Motivations for and implications of using home HIV tests among Australian gay men
Bavinton et al.
Type of approach
Type of assistance
Key population: Men who have sex with men
Values and preferences
UNAIDS HIV prevalence (2017)
0.2 [0.2 - 0.2]
In 2012, participants completed an online national survey Thinking About eXposure to Infection: Knowledge, Attitudes and Beliefs (TAXI-KAB) of Australian gay men.
Summary of findings
Participants reported that they avoided or delayed conventional HIV testing because of inconvenience of current clinic-based testing, privacy concerns, and the belief that they had not engaged in risky behaviors. Nearly half (47%) reported that if they had the capacity to self-test they would test more often. 70.8% said they were likely or very likely to self-test if HIVST was available in Australia. 1.6% already accessed HIVST before legalization in Australia through online purchase. 36.1% of participants did not know how long they would need to wait after exposure before detection by HIVST, 12% of participants erroneously believed they could test within a week of being infected.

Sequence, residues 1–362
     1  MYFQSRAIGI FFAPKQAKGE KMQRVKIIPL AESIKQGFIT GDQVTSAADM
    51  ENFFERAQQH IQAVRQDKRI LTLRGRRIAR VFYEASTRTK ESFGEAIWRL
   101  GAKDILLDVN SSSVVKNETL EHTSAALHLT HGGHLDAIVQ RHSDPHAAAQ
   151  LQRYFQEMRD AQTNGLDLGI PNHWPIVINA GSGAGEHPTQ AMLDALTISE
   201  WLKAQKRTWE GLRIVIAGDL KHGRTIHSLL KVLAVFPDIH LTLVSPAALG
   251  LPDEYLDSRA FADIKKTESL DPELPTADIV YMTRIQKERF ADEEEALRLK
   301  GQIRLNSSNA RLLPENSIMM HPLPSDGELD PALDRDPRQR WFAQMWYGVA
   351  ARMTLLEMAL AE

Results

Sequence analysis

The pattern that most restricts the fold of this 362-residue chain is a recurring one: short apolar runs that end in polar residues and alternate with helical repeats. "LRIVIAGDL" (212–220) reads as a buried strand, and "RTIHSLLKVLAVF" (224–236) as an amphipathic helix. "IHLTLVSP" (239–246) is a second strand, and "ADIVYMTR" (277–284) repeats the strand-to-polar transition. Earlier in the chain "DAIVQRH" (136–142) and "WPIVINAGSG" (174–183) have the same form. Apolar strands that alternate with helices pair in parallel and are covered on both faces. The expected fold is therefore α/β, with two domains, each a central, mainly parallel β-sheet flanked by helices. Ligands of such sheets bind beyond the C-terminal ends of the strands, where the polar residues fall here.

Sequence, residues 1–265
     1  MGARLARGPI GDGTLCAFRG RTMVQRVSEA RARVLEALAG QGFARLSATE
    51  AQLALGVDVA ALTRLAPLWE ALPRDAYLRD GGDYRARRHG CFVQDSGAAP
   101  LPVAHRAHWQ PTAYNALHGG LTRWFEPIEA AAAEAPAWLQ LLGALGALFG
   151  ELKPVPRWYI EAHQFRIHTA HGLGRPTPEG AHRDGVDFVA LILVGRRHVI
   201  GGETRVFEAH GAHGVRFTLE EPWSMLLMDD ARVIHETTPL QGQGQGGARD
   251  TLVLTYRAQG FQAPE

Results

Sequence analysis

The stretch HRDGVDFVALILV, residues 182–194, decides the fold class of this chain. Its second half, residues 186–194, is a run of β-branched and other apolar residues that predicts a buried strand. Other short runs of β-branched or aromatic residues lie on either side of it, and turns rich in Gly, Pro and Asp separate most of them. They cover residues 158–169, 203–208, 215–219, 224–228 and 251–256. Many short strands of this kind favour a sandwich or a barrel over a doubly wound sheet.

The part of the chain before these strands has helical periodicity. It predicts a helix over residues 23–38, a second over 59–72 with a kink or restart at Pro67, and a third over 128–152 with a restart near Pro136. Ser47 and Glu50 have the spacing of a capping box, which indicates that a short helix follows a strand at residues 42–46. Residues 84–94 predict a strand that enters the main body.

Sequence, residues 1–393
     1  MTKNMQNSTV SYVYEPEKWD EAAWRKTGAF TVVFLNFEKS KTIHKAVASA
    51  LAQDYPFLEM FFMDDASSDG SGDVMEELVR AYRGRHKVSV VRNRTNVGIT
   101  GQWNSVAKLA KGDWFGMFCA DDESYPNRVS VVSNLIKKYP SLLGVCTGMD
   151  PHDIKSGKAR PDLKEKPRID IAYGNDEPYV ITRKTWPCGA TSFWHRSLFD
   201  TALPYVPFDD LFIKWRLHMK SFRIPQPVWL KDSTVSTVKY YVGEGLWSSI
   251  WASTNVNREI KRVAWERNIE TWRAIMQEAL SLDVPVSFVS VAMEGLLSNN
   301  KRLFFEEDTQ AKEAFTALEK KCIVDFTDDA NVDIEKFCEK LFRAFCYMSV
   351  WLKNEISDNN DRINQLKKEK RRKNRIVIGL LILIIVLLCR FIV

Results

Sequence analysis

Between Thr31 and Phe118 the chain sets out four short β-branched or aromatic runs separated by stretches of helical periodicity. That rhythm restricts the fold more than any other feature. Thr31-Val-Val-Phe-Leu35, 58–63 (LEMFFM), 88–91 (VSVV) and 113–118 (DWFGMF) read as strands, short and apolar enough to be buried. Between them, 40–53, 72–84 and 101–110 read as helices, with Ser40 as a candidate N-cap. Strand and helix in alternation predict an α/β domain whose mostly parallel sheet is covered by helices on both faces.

70.8% said they would likely self-test if HIVST was available in Australia (n=n/a).
Willingness to pay
Willingness to pay details
Linkage to prevention, care and treatment
Other studies related to this project